Both articles seem nostalgic for a time when a man could stand in front of the country and expect the people to focus only on that man’s public words and deeds, when he could count on the hard split between the public and private spheres, when a man could get a little on the side and not be questioned about it. For goodness’ sake, a man’s private affairs didn’t have any bearing on his good public works! Access to women’s bodies (or young men’s bodies, in many cases) just went with the territory, and the press didn’t pay it any mind — that was simply the way things were. How come we can’t go back to the good old days?

This is the same logic that kept child abusers and wife beaters in power, the same logic that kept women and children quiet because a man could still hold (can still hold) positions of great power in public, be seen as a pillar of the community, while at home given full and complete license to behave however he wishes.

Now — it may sound like I’m comparing Dr. Martin Luther King, Jr. to a child abuser. No. I am, however, questioning the cultural longing for blinders that were meant to provide men in power with cover for behaviors that they kept secret (believing those behaviors wouldn’t  stand up to public scrutiny), blinders we in the public were supposed to wear so that they could keep on engaging in those secret, private acts at their whim.

(I also question assertion of the author of the Dr. King story that a sex-scandal is a one-way ticket out of politics — please see Bill Clinton, Anthony Weiner, Eliot Spitzer, Mark Sanford, et al for more there.)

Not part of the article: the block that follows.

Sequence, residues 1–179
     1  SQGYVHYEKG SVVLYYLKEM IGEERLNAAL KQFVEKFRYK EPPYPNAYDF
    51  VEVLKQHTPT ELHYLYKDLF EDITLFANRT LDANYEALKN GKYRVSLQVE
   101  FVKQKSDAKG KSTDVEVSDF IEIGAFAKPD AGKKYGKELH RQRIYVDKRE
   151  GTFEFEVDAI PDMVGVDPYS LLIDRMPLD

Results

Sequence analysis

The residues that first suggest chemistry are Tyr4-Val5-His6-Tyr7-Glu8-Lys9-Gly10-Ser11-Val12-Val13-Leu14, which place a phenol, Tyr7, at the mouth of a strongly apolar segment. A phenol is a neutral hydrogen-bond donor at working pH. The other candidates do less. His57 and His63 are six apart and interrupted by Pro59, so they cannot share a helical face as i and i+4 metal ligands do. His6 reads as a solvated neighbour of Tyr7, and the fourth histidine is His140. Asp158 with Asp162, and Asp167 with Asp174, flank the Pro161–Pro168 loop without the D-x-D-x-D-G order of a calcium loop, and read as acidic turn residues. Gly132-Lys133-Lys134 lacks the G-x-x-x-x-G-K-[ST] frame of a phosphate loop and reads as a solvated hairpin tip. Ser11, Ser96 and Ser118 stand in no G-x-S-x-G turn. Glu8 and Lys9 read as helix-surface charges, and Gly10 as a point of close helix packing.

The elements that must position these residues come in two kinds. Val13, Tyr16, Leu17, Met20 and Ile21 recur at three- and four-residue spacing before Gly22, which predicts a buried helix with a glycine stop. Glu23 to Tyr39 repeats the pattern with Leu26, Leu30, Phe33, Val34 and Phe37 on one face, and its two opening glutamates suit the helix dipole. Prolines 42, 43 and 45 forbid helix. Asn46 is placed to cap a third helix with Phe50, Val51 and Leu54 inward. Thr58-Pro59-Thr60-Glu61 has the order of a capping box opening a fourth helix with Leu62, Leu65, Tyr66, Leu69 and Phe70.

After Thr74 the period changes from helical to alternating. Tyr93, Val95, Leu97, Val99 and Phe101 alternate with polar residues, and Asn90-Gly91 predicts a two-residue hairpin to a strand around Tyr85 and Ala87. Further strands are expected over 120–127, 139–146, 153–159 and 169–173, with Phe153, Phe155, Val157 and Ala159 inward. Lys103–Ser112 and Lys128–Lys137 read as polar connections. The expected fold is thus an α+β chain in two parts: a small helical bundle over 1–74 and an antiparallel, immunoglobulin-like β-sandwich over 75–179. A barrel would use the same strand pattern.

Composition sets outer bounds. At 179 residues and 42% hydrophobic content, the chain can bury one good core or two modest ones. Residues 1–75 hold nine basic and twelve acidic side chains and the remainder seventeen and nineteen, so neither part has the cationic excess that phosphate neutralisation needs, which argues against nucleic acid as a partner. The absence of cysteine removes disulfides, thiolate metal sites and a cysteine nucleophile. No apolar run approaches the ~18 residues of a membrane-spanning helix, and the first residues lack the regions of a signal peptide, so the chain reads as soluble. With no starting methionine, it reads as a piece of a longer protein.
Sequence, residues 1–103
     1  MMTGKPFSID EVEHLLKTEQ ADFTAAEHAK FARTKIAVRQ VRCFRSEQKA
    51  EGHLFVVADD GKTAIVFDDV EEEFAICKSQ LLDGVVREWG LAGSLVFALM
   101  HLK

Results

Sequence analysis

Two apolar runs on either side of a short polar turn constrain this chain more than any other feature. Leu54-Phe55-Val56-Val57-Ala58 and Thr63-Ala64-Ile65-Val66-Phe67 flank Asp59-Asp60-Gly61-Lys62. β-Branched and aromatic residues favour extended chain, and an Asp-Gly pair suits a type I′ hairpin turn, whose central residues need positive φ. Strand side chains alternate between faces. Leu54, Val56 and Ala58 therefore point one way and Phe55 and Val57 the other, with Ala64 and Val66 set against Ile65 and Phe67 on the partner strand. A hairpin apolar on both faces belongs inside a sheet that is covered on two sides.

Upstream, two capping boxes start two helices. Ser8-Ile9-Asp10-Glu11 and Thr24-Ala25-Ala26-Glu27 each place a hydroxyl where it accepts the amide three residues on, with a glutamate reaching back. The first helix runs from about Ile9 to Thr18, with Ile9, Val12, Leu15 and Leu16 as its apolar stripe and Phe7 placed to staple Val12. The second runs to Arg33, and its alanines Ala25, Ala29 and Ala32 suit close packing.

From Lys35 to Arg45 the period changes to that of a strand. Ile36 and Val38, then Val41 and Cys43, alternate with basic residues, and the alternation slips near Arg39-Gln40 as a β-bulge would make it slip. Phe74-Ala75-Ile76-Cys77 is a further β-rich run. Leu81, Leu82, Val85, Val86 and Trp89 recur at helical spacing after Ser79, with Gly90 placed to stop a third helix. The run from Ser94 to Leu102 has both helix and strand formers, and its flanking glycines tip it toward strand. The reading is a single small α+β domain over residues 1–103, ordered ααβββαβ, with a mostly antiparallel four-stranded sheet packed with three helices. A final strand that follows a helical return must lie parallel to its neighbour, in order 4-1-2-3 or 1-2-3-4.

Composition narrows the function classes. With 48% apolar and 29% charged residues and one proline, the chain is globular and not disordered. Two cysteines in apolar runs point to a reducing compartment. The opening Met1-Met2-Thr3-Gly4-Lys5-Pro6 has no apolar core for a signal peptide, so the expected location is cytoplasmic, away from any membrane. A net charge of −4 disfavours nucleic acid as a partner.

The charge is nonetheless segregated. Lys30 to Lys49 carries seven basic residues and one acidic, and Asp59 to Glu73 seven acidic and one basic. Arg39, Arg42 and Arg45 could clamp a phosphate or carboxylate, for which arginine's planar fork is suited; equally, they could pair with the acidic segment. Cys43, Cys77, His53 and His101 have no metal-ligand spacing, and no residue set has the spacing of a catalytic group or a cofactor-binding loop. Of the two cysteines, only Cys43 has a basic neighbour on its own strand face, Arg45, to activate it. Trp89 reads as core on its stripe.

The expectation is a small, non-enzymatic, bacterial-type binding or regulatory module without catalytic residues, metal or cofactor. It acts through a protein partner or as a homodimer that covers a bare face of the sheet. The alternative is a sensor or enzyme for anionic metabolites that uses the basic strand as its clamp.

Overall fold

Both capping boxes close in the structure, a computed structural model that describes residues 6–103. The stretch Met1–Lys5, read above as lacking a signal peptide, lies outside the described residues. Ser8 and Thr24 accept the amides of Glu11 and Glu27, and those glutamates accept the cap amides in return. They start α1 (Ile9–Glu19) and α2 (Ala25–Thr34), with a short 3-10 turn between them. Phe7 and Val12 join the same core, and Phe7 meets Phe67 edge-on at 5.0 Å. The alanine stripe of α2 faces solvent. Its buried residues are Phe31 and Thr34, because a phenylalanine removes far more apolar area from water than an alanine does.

I am not a fan of mud-slinging, dirty politics. I, too, wish our campaigns could focus more on issues, the plans that each individual candidate has for improving our communities and our country, rather than on dealing dish about a candidate’s private life.

I also wish that folks comported themselves in private in a way that they themselves would stand up for in the light of the cameras.

Frankly, as a woman, as a queer person, as a survivor of sexual violence, I am grateful that members of the press — and the rest of us — are beginning to remove these blinders and take seriously the private behavior of those in positions of power in this country.

Neither article asks or even considers what seems to me to be a fairly straightforward question — why do these politicians (mostly male) continue to believe that they get to behave badly in private? Why do we as a culture think that someone’s private behavior doesn’t impact their public works?

I think about the men in power passing or enforcing homophobic laws who are, in private, meeting their male lovers or call boys. I think about men with constant access to the bodies of young men (football coaches, priests, let’s say) who decide that it is their right to misuse those young men and boys, sexually violate and debase them, while absolutely expecting that their professional communities — and the community at large — will support them.

And we do. We as a culture have developed massive institutional constructs within which men of power are given license to access the bodies of women, young men, and children, and we as a culture are still supposed to turn a blind eye if those same men also do “good works” for the community.